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anonymous

  • one year ago

Limits of series. I am going to type the equation using equation editor.

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  1. anonymous
    • one year ago
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    I am trying to find the following limit. \[\lim_{n \rightarrow \inf} \frac{ 2(n!) }{ (-6)^n }\]

  2. SolomonZelman
    • one year ago
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    Factorial will grow much much bigger than any exponential growth (after some point).

  3. anonymous
    • one year ago
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    Is it because the factorial is multiplied by 2?

  4. anonymous
    • one year ago
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    I was under the assumption that the (-6)^n would grow faster than the factorial.

  5. SolomonZelman
    • one year ago
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    two does not do anything at all.... whether it has a two or not factorial is much bigger. Wrong assumption! The opposite is true

  6. anonymous
    • one year ago
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    Then I guess the limit diverges to both negative and positive infinity.

  7. SolomonZelman
    • one year ago
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    Yes:) positive and negative infinity, because it alternates.

  8. anonymous
    • one year ago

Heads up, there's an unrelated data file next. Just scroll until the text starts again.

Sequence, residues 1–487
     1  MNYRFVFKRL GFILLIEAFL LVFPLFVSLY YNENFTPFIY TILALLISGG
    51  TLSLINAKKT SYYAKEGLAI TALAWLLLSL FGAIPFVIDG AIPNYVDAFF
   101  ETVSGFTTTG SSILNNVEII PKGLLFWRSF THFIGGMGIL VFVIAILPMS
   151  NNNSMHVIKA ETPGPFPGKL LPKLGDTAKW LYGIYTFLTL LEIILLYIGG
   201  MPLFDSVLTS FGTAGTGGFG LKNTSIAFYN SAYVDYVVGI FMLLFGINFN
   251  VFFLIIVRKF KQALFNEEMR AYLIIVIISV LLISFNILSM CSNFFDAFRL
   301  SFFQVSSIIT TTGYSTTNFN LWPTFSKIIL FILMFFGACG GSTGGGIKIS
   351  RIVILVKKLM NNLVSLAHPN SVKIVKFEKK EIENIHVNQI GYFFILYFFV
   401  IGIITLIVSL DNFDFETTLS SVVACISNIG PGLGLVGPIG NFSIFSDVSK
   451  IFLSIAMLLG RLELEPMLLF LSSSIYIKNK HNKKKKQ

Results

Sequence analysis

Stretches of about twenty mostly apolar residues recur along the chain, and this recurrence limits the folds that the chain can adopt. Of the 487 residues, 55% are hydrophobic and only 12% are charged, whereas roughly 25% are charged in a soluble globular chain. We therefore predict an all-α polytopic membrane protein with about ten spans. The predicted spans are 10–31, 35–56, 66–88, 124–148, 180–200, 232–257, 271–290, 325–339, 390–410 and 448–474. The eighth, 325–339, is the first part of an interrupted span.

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    Alright, Thanks. I guess my understand of factorials are a bit off.

  9. SolomonZelman
    • one year ago
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    We can play around and maybe apply Stirling's approximation: (Note, that the factorial is greater than its stirlings approximation) \(\large\color{black}{ \displaystyle n!\approx\frac{\sqrt{2\pi n}{~}n^n}{e^n} }\) \(\large\color{black}{ \displaystyle \frac{n!}{6^n}\approx\frac{\sqrt{2\pi n}{~}n^n}{6^ne^n} }\) \(\large\color{black}{ \displaystyle \frac{n!}{6^n}\approx\sqrt{2\pi n}\frac{{~}n^n}{(6e)^n} }\)

  10. some.random.cool.kid
    • one year ago
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    thx i learned something new just by watching lol

  11. SolomonZelman
    • one year ago
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    You would then agree that the numerator is greater, right?

  12. anonymous
    • one year ago
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    I do agree that the numerator is greater.

  13. SolomonZelman
    • one year ago
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    Good:) And I understand that you were applying the Diverghence test to \(\large\color{black}{ \displaystyle \sum_{ n=1 }^{ \infty } ~ \frac{2(n!)}{(-6)^n}}\)

  14. SolomonZelman
    • one year ago
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    (not necessarily n=1, but that series)

  15. anonymous
    • one year ago
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    yep

  16. SolomonZelman
    • one year ago
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    Ok, so if it was the other way around, then you would apply: \(\large\color{black}{ \displaystyle \sum_{ n=0 }^{ \infty } ~ \frac{x^n}{n!}=e^x}\) So for example: \(\large\color{black}{ \displaystyle \sum_{ n=0 }^{ \infty } ~ \frac{(-6)^n}{n!}=e^{-6}= 1/e^6}\)

  17. SolomonZelman
    • one year ago
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    Anyway, good luck....

  18. anonymous
    • one year ago
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    Thanks for the help. It really made since. I am now making forward progress on my assignments.

  19. SolomonZelman
    • one year ago
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    Good to hear that:)

  20. SolomonZelman
    • one year ago
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    be well

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